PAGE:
• Immediate ART also significantly reduced the relative rate of pooled serious and non‐AIDS‐related events by 39% (relative reduction; 95% Cl, 0.38 to 0.97) and serious AIDS-related events by 72% (relative reduction; 95% Cl, 0.15 to 0.50)


  • 204 primary endpoint events were recorded in 175 patients (3.8 events per 100 person-years; 95% CI, 3.3 to 4.4), including 68 in patients with a baseline CD4 count of at least 500 cells/mm3 (3.2 events per 100 person-years; 95% CI, 2.4 to 4.0)
  • Early ART reduced the risk of death or severe HIV‑related illness (components of composite primary endpoint) as compared to deferred initiation of ART by 44% (hazard ratio, 0.56; 95% CI, 0.41 to 0.76; adjusted hazard ratio among patients with a baseline CD4 count of ≥500 cells/mm3, 0.56; 95% CI, 0.33 to 0.94)

These studies demonstrated that initiating ART as soon as possible is optimal—prompting a change in guidelines to treating HIV as soon as possible after diagnosis, regardless of CD4 cell count.1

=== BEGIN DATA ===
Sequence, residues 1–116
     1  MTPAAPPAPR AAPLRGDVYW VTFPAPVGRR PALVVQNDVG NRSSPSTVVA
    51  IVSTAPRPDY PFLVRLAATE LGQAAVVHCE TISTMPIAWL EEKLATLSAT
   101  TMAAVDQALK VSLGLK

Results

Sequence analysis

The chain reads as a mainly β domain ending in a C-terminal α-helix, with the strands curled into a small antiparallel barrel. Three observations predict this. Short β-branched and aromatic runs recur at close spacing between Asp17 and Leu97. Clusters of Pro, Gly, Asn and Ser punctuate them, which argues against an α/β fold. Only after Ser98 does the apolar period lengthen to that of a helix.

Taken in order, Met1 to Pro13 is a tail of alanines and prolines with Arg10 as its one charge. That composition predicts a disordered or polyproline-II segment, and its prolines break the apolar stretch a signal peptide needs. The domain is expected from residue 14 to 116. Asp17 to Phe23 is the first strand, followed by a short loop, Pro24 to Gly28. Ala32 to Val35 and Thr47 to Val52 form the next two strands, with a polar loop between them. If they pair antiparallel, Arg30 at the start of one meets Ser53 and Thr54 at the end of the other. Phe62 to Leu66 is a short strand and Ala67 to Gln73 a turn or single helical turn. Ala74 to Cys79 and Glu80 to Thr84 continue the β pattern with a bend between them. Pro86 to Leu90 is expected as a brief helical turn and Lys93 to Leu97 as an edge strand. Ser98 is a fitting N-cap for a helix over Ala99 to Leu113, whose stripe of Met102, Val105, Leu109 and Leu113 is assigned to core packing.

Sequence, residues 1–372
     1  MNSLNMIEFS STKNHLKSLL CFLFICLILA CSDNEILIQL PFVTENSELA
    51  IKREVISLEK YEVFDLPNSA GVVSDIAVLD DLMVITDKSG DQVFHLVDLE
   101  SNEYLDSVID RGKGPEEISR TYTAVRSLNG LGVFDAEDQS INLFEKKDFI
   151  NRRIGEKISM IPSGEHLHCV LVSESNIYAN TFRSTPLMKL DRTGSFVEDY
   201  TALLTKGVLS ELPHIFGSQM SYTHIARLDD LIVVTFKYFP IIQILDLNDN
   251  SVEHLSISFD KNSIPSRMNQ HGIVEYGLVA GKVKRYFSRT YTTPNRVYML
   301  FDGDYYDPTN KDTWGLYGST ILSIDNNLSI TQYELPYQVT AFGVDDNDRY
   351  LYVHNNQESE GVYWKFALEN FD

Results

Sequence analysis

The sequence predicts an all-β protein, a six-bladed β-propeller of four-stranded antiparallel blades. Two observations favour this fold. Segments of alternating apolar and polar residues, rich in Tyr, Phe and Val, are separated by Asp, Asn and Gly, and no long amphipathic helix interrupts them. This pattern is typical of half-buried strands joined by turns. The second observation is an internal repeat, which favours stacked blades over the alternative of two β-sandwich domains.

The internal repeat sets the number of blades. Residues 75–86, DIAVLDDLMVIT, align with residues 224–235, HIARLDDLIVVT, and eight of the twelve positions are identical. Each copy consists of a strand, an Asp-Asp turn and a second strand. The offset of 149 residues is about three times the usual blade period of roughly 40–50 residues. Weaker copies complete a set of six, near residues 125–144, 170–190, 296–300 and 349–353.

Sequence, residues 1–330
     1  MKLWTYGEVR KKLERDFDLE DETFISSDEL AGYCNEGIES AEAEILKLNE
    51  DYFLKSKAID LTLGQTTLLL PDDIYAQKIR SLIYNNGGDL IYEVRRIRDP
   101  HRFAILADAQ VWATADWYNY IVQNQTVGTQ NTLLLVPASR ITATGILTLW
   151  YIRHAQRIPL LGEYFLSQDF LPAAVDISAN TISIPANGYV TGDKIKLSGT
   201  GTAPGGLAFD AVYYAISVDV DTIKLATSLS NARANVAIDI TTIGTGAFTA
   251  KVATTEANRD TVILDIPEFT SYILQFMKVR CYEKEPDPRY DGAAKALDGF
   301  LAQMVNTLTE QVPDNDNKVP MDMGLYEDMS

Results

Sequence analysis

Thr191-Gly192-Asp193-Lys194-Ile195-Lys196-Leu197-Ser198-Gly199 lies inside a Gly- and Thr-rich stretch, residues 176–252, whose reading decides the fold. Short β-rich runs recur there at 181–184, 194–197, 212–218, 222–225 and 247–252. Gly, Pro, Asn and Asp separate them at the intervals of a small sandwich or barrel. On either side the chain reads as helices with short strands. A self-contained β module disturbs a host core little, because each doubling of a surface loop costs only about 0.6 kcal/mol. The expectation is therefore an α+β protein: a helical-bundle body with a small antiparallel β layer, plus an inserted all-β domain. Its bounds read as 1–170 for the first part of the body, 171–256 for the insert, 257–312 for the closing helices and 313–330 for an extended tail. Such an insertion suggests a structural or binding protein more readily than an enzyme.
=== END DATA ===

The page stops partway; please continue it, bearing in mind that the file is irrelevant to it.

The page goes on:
Early treatment initiation focuses on shortening the time between diagnosis and treatment. Some studies have shown benefits of starting therapy as early as the same day of diagnosis. Specifically, these studies of varying design and patient populations have1:

  • Concluded that ART initiation on the day of diagnosis can improve/sustain viral suppression4,5
  • Represented a shift in the established treatment paradigm, demonstrating that earlier initiation is not only possible but feasible4,5


Timeframe assessed: as soon as possible and ideally on the day of first referral

  • 94.9% (37 of 39) of patients began ART within 24 hours
  • Improved time to virologic suppression for patients initiated same day (1.8 months to viral load <200 copies/mL vs 4.3 months in standard arm, P=0.0001)
  • Intervention included education, screening, insurance services, and telephone follow-up


Timeframe assessed: within 24 hours of HIV clinic visit

  • Improvements in uptake of ART and viral suppression with single-visit initiation